Today, however, infighting between pro-independence groups has resulted in what the DHPI director has described as “dissident interim governments”, each claiming to be the legitimate representative of the Ambazonian people.
The different factions often engage in armed attacks against each other, Mr. Viljoen said, and explained: “The atrocities committed against civilians by the Cameroonian army hardly happen anymore. Kidnappings and attacks on villages are now mainly carried out by separatists.
The tide is turning in the North West and South West regions of Cameroon as people who have suffered immeasurable suffering at the hands of militias now express a preference for the government led by President Paul Biya, according to DHPI Director compared to separatist fighters.
“Grassroots sentiment is now turning against the separatists, with many locals saying that if it is the army and police of an independent Ambazonia, then they are probably better off under the Biya government,” Mr. Viljoen told ACI Africa on September 20. .
He expressed concern that attacks on churches and kidnappings of church staff, including priests and nuns, have increased, and said: “We really fear for the safety of our priest, our sisters, our seminarians and other church personnel”.
Asked why the Catholic Church was targeted, the DHPI director said: “I have no idea. We cannot say that it is the Christians who are targeted because the Anglophone crisis has no religious significance.
He continued, “I would say the Church is a sore spot. There has also always been the perception that the Catholic Church has a lot of money. Anyone who works in the Church would say that’s a misperception.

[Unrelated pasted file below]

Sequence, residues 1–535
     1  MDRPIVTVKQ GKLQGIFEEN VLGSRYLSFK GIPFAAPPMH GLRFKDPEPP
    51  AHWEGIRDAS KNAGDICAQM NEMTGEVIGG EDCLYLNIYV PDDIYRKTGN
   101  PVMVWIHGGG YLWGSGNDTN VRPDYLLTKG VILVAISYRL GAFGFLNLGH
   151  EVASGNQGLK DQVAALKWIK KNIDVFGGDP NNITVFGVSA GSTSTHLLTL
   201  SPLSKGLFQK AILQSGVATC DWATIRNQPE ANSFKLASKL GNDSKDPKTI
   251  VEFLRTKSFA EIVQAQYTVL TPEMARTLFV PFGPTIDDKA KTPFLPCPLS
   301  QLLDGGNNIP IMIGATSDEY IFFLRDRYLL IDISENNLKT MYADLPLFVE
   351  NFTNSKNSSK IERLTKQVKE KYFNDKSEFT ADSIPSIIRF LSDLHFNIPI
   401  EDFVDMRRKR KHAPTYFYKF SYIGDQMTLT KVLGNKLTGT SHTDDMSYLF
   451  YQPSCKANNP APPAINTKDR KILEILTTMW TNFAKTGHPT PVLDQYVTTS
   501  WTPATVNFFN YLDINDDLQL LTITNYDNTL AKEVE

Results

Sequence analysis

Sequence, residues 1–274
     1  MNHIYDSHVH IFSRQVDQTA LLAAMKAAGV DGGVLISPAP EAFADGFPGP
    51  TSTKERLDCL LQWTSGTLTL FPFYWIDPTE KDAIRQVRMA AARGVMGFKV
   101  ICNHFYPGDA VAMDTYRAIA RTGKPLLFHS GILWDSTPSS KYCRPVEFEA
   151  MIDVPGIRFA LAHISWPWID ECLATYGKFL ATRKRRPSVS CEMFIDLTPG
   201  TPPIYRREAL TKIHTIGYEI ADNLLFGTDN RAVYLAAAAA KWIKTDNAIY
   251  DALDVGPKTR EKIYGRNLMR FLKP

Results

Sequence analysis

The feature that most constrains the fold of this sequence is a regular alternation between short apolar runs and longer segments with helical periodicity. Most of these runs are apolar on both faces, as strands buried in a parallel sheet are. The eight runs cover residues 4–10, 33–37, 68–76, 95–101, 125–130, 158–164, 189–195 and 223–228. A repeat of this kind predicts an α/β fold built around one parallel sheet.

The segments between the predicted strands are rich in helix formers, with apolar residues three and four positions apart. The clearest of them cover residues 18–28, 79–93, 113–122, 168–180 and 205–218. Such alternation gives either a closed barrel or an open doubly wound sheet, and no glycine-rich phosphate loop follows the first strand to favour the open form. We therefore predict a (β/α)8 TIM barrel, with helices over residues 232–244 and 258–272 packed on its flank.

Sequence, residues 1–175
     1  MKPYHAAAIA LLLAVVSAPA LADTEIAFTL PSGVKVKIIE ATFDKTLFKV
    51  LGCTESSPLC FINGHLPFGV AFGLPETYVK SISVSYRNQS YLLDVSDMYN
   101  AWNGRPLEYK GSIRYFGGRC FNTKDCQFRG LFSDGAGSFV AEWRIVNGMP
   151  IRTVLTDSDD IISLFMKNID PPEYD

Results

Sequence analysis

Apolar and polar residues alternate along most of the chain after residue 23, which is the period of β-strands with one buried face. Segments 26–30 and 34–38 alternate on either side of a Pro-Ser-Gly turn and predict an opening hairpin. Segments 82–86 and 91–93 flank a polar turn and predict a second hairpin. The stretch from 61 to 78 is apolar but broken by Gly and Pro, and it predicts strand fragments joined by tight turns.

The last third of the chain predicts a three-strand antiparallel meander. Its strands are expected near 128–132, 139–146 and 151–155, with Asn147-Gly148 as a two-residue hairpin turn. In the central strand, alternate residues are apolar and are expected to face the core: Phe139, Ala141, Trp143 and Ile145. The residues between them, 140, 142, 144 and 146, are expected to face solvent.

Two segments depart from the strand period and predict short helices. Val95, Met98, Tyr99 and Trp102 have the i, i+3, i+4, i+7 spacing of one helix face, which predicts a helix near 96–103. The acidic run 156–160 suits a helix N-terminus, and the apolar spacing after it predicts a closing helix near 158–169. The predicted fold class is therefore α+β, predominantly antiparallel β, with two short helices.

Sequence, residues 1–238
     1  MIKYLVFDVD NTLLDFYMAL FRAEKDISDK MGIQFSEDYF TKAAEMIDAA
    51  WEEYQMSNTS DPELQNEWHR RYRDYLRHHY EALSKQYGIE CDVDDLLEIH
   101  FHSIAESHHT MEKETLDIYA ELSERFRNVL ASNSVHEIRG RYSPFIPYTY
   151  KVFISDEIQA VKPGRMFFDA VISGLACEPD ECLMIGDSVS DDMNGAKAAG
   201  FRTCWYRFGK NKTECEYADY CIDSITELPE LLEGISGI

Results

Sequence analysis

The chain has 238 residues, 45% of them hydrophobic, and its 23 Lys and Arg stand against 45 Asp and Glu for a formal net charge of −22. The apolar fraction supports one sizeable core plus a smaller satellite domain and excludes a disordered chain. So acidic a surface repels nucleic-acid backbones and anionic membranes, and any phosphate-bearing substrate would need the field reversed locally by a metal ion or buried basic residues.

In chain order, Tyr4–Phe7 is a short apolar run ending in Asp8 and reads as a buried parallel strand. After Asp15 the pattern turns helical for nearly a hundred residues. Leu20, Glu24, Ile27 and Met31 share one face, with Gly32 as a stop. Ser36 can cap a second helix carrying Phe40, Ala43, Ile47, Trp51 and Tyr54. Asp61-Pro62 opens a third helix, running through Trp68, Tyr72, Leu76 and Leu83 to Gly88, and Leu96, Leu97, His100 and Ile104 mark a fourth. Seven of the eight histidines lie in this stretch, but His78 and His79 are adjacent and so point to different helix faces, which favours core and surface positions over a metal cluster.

Mr Viljoen referred to the September 16 arson on the Catholic parish of St. Mary’s Nchang in the diocese of Mamfe, during which five priests and a Catholic nun were among those kidnapped, and said that these people “have not been heard from since then”.
Director of Catholic Bishops Peace Entity of Botswana, Eswatini and South Africa has stressed the need for separatist fighters to stop attacking locals in order to regain support from local communities in the English-speaking region .
“The independence movement now faces two choices. Either unite, refrain from attacks and kidnappings against local people and churches and win back the hearts and minds of local communities. Or end up like Somalia, eastern DRC or South Sudan, trapped in an endless cycle of turf wars and killings,” DHPI said in a report shared with ACI Africa on Monday, September 19.